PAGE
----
First, we will seed the pseudorandom number generator. This is not required in general, but in this case, I want to ensure we get the same results (same sequence of random numbers) each time we run the algorithm so we can plot the results later.

1 2 3 |
... # seed the pseudorandom number generator seed(5) |

Next, we can define the configuration of the search.

In this case, we will search for 1,000 iterations of the algorithm and use a step size of 0.1. Given that we are using a Gaussian function for generating the step, this means that about 99 percent of all steps taken will be within a distance of (0.1 * 3) of a given point, e.g. three standard deviations.

1 2 3 4 |
... n_iterations = 1000 # define the maximum step size step_size = 0.1 |

Next, we can perform the search and report the results.

1 2 3 4 5 |
... # perform the hill climbing search best, score = hillclimbing(objective, bounds, n_iterations, step_size) print('Done!') print('f(%s) = %f' % (best, score)) |

Tying this all together, the complete example is listed below.

1 2 3 4 5 6 7 8 9 10 11 12 13 14 15 16 17 18 19 20 21 22 23 24 25 26 27 28 29 30 31 32 33 34 35 36 37 38 39 40 41 42 |
# hill climbing search of a one-dimensional objective function from numpy import asarray from numpy.random import randn from numpy.random import rand from numpy.random import seed # objective function def objective(x): return x[0]**2.0 # hill climbing local search algorithm def hillclimbing(objective, bounds, n_iterations, step_size): # generate an initial point solution = bounds[:, 0] + rand(len(bounds)) * (bounds[:, 1] - bounds[:, 0]) # evaluate the initial point solution_eval = objective(solution) # run the hill climb for i in range(n_iterations): # take a step candidate = solution + randn(len(bounds)) * step_size # evaluate candidate point candidte_eval = objective(candidate) # check if we should keep the new point if candidte_eval <= solution_eval: # store the new point solution, solution_eval = candidate, candidte_eval # report progress print('>%d f(%s) = %.5f' % (i, solution, solution_eval)) return [solution, solution_eval] # seed the pseudorandom number generator seed(5) # define range for input bounds = asarray([[-5.0, 5.0]]) # define the total iterations n_iterations = 1000 # define the maximum step size step_size = 0.1 # perform the hill climbing search best, score = hillclimbing(objective, bounds, n_iterations, step_size) print('Done!') print('f(%s) = %f' % (best, score)) |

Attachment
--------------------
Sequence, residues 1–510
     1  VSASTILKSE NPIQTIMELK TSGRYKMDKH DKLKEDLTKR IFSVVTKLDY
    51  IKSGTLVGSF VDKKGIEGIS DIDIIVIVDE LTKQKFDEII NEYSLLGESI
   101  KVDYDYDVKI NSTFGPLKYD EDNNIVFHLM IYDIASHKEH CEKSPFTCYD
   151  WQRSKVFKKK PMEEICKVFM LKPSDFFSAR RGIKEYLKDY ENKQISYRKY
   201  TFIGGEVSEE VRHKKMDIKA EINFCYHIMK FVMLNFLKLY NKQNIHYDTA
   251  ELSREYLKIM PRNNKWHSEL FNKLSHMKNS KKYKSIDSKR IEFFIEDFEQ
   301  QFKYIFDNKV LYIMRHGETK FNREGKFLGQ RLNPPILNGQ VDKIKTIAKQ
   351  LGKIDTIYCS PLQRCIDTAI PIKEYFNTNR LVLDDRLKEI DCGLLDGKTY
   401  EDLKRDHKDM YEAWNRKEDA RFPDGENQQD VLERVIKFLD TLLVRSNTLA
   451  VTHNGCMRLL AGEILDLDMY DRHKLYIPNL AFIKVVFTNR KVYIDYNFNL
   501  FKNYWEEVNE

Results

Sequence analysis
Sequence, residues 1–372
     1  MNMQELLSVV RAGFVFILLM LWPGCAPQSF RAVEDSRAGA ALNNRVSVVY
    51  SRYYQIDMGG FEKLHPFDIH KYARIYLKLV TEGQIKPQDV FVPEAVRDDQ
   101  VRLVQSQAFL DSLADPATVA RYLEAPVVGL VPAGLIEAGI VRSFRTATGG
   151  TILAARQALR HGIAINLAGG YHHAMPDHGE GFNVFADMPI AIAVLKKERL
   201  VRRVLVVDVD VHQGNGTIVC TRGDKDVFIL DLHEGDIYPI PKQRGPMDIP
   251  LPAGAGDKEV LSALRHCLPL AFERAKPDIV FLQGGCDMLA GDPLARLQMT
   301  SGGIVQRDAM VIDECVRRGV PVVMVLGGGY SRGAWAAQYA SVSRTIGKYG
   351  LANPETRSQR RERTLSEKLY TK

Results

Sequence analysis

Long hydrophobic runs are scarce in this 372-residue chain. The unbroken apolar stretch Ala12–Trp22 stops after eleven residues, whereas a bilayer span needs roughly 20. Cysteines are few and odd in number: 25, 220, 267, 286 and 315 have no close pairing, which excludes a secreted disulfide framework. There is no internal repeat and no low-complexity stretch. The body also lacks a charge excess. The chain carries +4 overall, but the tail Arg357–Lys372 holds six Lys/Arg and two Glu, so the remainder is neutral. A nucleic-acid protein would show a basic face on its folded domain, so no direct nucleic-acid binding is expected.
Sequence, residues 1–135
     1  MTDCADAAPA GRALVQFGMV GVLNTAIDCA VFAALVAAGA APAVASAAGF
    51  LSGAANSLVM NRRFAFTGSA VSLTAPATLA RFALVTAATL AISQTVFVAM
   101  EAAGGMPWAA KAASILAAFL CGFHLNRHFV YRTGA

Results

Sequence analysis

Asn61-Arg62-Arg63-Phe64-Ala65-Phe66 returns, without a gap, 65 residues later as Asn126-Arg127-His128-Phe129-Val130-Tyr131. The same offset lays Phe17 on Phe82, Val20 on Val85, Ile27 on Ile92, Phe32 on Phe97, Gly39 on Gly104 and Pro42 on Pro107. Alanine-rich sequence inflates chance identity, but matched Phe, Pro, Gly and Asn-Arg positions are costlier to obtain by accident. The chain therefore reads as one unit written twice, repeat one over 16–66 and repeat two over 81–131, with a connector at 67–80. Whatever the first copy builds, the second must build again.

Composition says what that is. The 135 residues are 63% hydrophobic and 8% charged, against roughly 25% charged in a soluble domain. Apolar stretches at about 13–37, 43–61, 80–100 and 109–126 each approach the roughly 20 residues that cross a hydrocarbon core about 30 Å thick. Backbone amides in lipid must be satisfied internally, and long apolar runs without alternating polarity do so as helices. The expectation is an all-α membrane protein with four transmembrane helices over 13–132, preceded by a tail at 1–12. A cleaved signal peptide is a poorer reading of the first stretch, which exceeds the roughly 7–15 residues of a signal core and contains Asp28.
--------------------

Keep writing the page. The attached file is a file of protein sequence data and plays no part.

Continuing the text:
Running the example reports the progress of the search, including the iteration number, the input to the function, and the response from the objective function each time an improvement was detected.

At the end of the search, the best solution is found and its evaluation is reported.

In this case we can see about 36 improvements over the 1,000 iterations of the algorithm and a solution that is very close to the optimal input of 0.0 that evaluates to f(0.0) = 0.0.

1 2 3 4 5 6 7 8 9 10 11 12 13 14 15 16 17 18 19 20 21 22 23 24 25 26 27 28 29 30 31 32 33 34 35 36 37 38 |
>1 f([-2.74290923]) = 7.52355 >3 f([-2.65873147]) = 7.06885 >4 f([-2.52197291]) = 6.36035 >5 f([-2.46450214]) = 6.07377 >7 f([-2.44740961]) = 5.98981 >9 f([-2.28364676]) = 5.21504 >12 f([-2.19245939]) = 4.80688 >14 f([-2.01001538]) = 4.04016 >15 f([-1.86425287]) = 3.47544 >22 f([-1.79913002]) = 3.23687 >24 f([-1.57525573]) = 2.48143 >25 f([-1.55047719]) = 2.40398 >26 f([-1.51783757]) = 2.30383 >27 f([-1.49118756]) = 2.22364 >28 f([-1.45344116]) = 2.11249 >30 f([-1.33055275]) = 1.77037 >32 f([-1.17805016]) = 1.38780 >33 f([-1.15189314]) = 1.32686 >36 f([-1.03852644]) = 1.07854 >37 f([-0.99135322]) = 0.98278 >38 f([-0.79448984]) = 0.63121 >39 f([-0.69837955]) = 0.48773 >42 f([-0.69317313]) = 0.48049 >46 f([-0.61801423]) = 0.38194 >48 f([-0.48799625]) = 0.23814 >50 f([-0.22149135]) = 0.04906 >54 f([-0.20017144]) = 0.04007 >57 f([-0.15994446]) = 0.02558 >60 f([-0.15492485]) = 0.02400 >61 f([-0.03572481]) = 0.00128 >64 f([-0.03051261]) = 0.00093 >66 f([-0.0074283]) = 0.00006 >78 f([-0.00202357]) = 0.00000 >119 f([0.00128373]) = 0.00000 >120 f([-0.00040911]) = 0.00000 >314 f([-0.00017051]) = 0.00000 Done! f([-0.00017051]) = 0.000000 |

It can be interesting to review the progress of the search as a line plot that shows the change in the evaluation of the best solution each time there is an improvement.

We can update the *hillclimbing()* to keep track of the objective function evaluations each time there is an improvement and return this list of scores.

1 2 3 4 5 6 7 8 9 10 11 12 13 14 15 16 17 18 19 20 21 22 23 |